Federal Courtroom Guidelines In opposition to Trump Administration On The “Third-Nation Asylum” Rule – Thelegaltorts

Federal Court Rules Against Trump Administration On The “Third-Country Asylum” Rule – JONATHAN TURLEY

In Washington, U.S. District Judge Timothy J. Kelly has ruled against the Trump Administration in its important “third-country asylum rule”  — prohibiting undocumented immigrants from claiming asylum in the United States if they did not first try to claim it in a country they passed through on their way to the U.S. border.  The ruling is yet another example of how basic failures to follow procedure or submit supporting evidence has hampered the rollout of major policy initiatives.  Kelly was not questioning the underlying deference to the Administration or the ultimate merits. Rather as in the recent loss before the Supreme Court under DACA (or the Deferred Action for Childhood Arrivals program), the court found that the government had failed to satisfy the minimal requirements of the Administrative Procedure Act, or APA. Since the start of the Administration, there has been a lack of attention to detail and basic procedure that has resulted in a series of technical violations.  It has incurred losses that were not only avoidable but easily avoidable with adherence to the governing case law on the APA.

In 2019, the Departments of Justice and Homeland Security revised 8 C.F.R. § 208.13(c) and 8 C.F.R. § 1208.13(c) to add a new bar to eligibility for asylum along the Southern Border if someone enters or attempts to enter the United States across the southern border, but who did not apply for protection from persecution or torture where it was available in at least one third country outside the alien’s country of citizenship, nationality, or last lawful habitual residence through which he or she transited en route to the United States.

The prohibition had three limited exceptions, including:

(1) an alien who demonstrates that he or she applied for protection from persecution or torture in at least one of the countries through which the alien transited en route to the United States, and the alien received a final judgment denying the alien protection in such country;

(2) an alien who demonstrates that he or she satisfies the definition of “victim of a severe form of trafficking in persons” provided in 8 C.F.R. § 214.11; or,

(3) an alien who has transited en route to the United States through only a country or countries that were not parties to the 1951 Convention relating to the Status of Refugees, the 1967 Protocol, or the Convention against Torture and Other Cruel, Inhuman or Degrading Treatment or Punishment.

The problem was that the rule was promulgated without satisfying the requirements of the APA which is governing federal law. Kelly stressed “There are many circumstances in which courts appropriately defer to the national security judgments of the Executive. But determining the scope of an APA exception is not one of them.”

Notably, such requirements take time but would not have likely changed the policy.

The APA requires, among other things, a notice and comment period.  Indeed, it is the best known part of the Act. The Administration, again,, short circuited the process and just dismissed that part of the law. It argued two exceptions. First, under the “good cause” exception, it argued that it did not have to provide notice and an opportunity to comment “when the agency for good cause finds (and incorporates the finding and a brief statement of reasons therefor in the rules issued) that notice and public procedure thereon are impracticable, unnecessary, or contrary to the public interest.” 5 U.S.C. § 553(b)(B). Second, it argued under the “foreign affairs function” exception, the normal notice-and-comment requirements do not apply “to the extent that there is involved . . . a military or foreign affairs function of the United States.” Id. § 553(a)(1).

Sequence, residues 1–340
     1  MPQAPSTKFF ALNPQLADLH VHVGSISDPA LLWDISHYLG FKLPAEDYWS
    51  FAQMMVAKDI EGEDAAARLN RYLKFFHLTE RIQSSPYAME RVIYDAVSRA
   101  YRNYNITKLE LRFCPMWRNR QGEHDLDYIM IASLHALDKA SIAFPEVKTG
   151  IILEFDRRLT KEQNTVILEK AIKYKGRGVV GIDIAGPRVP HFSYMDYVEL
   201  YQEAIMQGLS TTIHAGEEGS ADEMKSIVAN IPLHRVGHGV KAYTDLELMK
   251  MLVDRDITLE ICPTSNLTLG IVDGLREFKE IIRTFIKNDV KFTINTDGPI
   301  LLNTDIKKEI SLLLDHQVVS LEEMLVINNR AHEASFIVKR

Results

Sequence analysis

The problem is that the law in the area is clear.  This Circuit, like most, has taken the inverse perspective. When the scope of a change is greatest, so is the “the greater the necessity for public comment.” American Fed’n of Gov’t Emps. v. Block, 655 F.2d 1153, 1156 (D.C. Cir. 1981).

What is notable is that the court states that, as in the DACA case, the Administration simply declined to submit support for the application of the exceptions. Thus, on the second exception, it stressed:

“The Court reiterates that there are many circumstances in which courts appropriately defer to the national security judgments of the Executive. But determining the scope of an APA exception is not one of them. As noted above, if engaging in notice-and-comment rulemaking before implementing the rule would have harmed ongoing international 47 negotiations, Defendants could have argued that these effects gave them good cause to forgo these procedures. And they could have provided an adequate factual record to support those predictive judgments to which the Court could defer.25 But they did not do so.”

Judge Kelly presents a cogent and convincing opinion on why the Administration cannot simply dismiss this requirement of federal law. Once again, however, this is a procedural not a substantive victory. This is a loss based on how a new policy was executed, not what that policy sought to achieve.  To put it simply, this is yet another self-inflicted wound.